A few weeks ago, Mr. T started complaining that his arm (left upper arm, right below the shoulder) had been sore lately. As he was rubbing it, he noticed a bump. It was a pretty significantly sized bump. I could see it was there even without feeling it, and when I did feel it, it was very hard and didn’t move. Huh. That was a Thursday evening. He said he had only noticed it bothering him for a couple of days. Since he had finals the following week I decided to take him to the walk in clinic to have it checked out on Saturday. The doctor thought it was curious. It didn’t move and disappeared under the muscle when he lifted his arm, which would indicate it was on the bone. An x-ray confirmed that, and before I knew it we were getting a referral for an MRI.
Now I don’t know about you, but to me an MRI seemed worrisome. The doctor tried to be reassuring, saying that odds were that it was a benign mass as the x-ray didn’t seem to have any of the tell-tale signs of a malignant tumor. But his demeanor still indicated some concern. And throw in words like mass, tumor, malignant and even benign, and I’m just a little bit unnerved.
The next week he had an MRI. That was kind of a surreal experience. It was a later evening appointment, so the hospital was fairly quiet. The MRI area was dark and a little cold. Mr. T hopped up on the table and they put a warm blanket on him. I sat next to the tech(?) during the process, and watched as the insides of my child popped up on the screen. It was fascinating and just a little freaky. The whole process took about 30 minutes. Toward the end, the tech consulted with a radiologist and they decided he would not need the dye injection for the contrasting images, which was a very good sign. Everything seemed to indicate that it was a benign bony growth.
On the following day, a nurse from the walk in clinic called with the results, which were basically that he had a benign bony growth technically called an exostosis of the left lateral humeral shaft. Basically, he has new bone growing on the surface of his humerus. We saw his pediatrician the next day and he somewhat jokingly said that it’s almost like Mr. T is trying to grow a third arm. It’s nothing really dangerous and really only needs to be addressed if its causing the patient discomfort. Unfortunately, it is causing Mr. T discomfort as it’s rubbing against the muscle. It’s not something that will ever go away on its own, and there is the distinct possibility that it will continue to grow through his adolescent growing period.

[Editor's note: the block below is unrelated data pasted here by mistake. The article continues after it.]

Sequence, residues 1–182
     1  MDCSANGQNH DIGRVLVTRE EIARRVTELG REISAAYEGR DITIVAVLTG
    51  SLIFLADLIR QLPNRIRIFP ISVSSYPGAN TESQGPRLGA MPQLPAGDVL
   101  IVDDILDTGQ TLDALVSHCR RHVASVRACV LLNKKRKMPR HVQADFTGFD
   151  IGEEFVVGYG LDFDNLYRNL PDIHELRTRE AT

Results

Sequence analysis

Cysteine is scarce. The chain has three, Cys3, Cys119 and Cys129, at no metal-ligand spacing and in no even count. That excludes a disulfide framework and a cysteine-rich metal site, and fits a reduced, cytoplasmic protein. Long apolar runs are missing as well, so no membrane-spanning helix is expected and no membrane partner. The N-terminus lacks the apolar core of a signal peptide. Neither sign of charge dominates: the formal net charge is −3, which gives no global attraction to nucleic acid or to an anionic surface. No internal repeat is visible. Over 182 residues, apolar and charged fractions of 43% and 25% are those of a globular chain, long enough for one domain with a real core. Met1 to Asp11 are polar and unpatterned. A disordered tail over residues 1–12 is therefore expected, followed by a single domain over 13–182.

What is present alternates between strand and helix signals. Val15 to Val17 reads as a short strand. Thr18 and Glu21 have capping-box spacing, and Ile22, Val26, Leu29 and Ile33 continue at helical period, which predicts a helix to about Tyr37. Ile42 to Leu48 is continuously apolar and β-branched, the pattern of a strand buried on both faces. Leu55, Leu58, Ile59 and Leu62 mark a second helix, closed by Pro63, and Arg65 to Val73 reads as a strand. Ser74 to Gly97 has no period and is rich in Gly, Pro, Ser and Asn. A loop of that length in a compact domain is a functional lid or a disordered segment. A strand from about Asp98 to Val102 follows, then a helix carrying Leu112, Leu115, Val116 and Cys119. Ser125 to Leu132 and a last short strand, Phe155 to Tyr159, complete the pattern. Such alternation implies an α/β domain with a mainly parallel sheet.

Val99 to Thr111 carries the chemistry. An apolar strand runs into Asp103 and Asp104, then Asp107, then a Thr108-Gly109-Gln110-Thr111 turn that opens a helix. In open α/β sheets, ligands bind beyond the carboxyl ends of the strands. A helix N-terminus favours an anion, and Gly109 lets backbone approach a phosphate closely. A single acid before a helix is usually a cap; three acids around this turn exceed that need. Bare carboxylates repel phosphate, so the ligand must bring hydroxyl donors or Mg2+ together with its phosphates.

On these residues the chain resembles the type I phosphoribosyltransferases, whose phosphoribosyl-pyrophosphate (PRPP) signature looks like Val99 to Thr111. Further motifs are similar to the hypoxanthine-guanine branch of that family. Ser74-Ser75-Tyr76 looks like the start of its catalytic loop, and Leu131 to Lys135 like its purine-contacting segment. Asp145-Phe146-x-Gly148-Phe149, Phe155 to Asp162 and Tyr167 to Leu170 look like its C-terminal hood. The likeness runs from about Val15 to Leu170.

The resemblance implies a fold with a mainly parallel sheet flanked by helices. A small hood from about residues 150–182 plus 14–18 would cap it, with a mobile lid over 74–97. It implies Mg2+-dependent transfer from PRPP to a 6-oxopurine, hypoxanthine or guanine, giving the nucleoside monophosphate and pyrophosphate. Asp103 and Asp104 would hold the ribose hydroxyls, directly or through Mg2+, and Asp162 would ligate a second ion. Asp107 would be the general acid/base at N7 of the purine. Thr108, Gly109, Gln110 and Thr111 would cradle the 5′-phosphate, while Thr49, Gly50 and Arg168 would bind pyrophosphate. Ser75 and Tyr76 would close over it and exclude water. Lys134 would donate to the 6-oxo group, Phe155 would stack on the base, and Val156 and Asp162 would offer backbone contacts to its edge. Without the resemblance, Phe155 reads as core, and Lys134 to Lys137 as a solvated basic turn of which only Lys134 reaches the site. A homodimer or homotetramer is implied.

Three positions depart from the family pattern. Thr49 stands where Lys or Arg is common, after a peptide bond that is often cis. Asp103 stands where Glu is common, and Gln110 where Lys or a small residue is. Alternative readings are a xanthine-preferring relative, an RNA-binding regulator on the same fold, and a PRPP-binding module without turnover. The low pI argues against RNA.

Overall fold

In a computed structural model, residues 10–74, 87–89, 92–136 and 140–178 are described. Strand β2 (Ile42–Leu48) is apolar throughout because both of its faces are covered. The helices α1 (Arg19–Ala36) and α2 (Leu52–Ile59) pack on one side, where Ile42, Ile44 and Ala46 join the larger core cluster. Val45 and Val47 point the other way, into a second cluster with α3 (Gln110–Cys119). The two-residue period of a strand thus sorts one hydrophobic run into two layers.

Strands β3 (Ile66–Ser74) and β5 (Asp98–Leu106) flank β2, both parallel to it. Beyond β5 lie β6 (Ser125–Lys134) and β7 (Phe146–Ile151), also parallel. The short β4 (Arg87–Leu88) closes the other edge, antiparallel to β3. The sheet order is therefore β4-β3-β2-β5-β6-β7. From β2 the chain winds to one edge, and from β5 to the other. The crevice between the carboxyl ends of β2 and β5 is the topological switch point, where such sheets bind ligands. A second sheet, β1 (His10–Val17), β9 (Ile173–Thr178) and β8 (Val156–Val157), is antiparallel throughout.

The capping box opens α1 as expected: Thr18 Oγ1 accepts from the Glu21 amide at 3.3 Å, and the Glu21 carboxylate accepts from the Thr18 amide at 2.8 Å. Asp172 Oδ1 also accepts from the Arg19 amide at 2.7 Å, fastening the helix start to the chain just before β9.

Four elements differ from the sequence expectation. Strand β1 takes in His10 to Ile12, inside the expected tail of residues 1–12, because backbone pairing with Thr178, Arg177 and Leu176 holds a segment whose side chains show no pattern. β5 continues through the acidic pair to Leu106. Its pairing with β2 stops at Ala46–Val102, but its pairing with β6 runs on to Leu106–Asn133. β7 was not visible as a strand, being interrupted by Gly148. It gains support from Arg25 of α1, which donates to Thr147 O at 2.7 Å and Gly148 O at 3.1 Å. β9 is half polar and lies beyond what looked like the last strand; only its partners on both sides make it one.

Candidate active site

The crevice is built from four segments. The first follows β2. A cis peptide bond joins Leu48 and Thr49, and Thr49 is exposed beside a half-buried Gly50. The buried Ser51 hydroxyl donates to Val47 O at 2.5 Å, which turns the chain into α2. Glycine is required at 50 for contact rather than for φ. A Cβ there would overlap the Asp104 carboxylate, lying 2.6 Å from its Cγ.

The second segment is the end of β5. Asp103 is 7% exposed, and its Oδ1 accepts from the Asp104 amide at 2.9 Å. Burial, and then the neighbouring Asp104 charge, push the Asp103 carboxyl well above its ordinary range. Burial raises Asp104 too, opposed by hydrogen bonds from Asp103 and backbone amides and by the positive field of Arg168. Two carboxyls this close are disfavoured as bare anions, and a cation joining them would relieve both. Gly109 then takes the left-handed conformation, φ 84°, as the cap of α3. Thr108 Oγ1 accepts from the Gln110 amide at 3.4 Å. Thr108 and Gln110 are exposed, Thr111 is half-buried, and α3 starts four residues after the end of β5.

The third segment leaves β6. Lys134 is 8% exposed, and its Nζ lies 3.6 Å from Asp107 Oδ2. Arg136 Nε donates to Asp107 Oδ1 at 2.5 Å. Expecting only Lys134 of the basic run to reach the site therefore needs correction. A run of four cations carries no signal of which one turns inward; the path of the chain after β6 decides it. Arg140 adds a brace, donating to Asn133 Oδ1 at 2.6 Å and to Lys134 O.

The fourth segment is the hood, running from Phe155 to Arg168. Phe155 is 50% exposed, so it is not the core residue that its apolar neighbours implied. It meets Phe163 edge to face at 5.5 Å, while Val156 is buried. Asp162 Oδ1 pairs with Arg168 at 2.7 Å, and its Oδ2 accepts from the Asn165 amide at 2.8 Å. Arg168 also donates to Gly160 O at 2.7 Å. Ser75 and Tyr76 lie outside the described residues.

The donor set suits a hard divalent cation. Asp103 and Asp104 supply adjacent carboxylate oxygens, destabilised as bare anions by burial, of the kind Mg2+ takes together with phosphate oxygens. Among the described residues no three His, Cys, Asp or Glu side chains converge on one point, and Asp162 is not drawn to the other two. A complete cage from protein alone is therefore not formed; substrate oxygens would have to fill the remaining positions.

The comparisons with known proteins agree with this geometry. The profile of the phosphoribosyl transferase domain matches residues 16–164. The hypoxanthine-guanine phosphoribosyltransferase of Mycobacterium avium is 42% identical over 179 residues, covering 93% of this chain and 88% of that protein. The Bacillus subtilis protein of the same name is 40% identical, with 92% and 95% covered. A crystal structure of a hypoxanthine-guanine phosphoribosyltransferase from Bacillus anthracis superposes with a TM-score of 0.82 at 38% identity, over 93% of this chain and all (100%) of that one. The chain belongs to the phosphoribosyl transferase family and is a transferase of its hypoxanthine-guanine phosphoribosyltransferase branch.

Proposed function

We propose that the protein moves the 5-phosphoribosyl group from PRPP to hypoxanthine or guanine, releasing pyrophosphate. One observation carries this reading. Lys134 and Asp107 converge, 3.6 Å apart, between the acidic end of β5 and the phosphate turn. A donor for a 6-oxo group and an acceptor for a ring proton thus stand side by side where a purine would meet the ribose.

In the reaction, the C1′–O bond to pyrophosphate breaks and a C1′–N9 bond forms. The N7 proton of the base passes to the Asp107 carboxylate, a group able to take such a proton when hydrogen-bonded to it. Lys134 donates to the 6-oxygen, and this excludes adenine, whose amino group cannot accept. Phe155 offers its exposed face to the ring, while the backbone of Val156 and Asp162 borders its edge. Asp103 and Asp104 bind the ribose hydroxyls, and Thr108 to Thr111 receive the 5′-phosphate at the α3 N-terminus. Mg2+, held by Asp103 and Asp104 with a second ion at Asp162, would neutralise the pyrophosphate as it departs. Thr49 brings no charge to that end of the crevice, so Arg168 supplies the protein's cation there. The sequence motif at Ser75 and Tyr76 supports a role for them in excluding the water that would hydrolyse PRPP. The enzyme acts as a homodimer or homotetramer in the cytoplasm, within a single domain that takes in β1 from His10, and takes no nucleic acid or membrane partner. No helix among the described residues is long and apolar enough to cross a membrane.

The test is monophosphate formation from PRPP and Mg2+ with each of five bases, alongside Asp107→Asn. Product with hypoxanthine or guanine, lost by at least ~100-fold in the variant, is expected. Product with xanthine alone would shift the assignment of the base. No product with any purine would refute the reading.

So now we have a referral to see the orthopedic specialist at Seattle Children’s Hospital. Surgery is a real possibility. I think that freaks Mr. T out just a little. I asked if given the choice would he rather have the noticeable and occasionally painful protrusion on his arm or have it surgically removed, and he was pretty torn. His appointment is tomorrow, so I guess we’ll see.
One thing I really appreciate about his pediatrician is that when he was giving us the referral he said this was who he would take his son to see if he were in our shoes, and that whatever this doctor suggested we do, he would do without question. It was reassuring to have him express that much confidence in this doctor’s abilities and professional opinions.
This is not the first health-related scare we’ve had with Mr. T. For the first decade of his life he really struggled with his asthma. He’s been hospitalized five times with pneumonia and other bronchial related complications from his asthma. When he was two years old, he had a severe asthma attack on Mother’s Day. I was four months pregnant with DynaGirl at the time, and for just a moment I thought I might actually lose my first baby. I think based on these early experiences I’ve always been a little over protective of him, so my heart might have skipped a beat or two through this latest process. I’m confident now that things will be fine, but man, this is the part of motherhood I could really do without.
My oldest sister has said more than once over the years that she doesn’t know how I deal with the asthma and the food allergies and all the other stuff we’ve been through with the the kids. But you just do what you have to do, and I know it could be so, so much worse. I thank God every day for my relatively healthy children, and my heart goes out to those parents who don’t have it nearly so easy.
I’ll let you know what happens with the third arm.
Have a lovely President’s Day weekend everyone!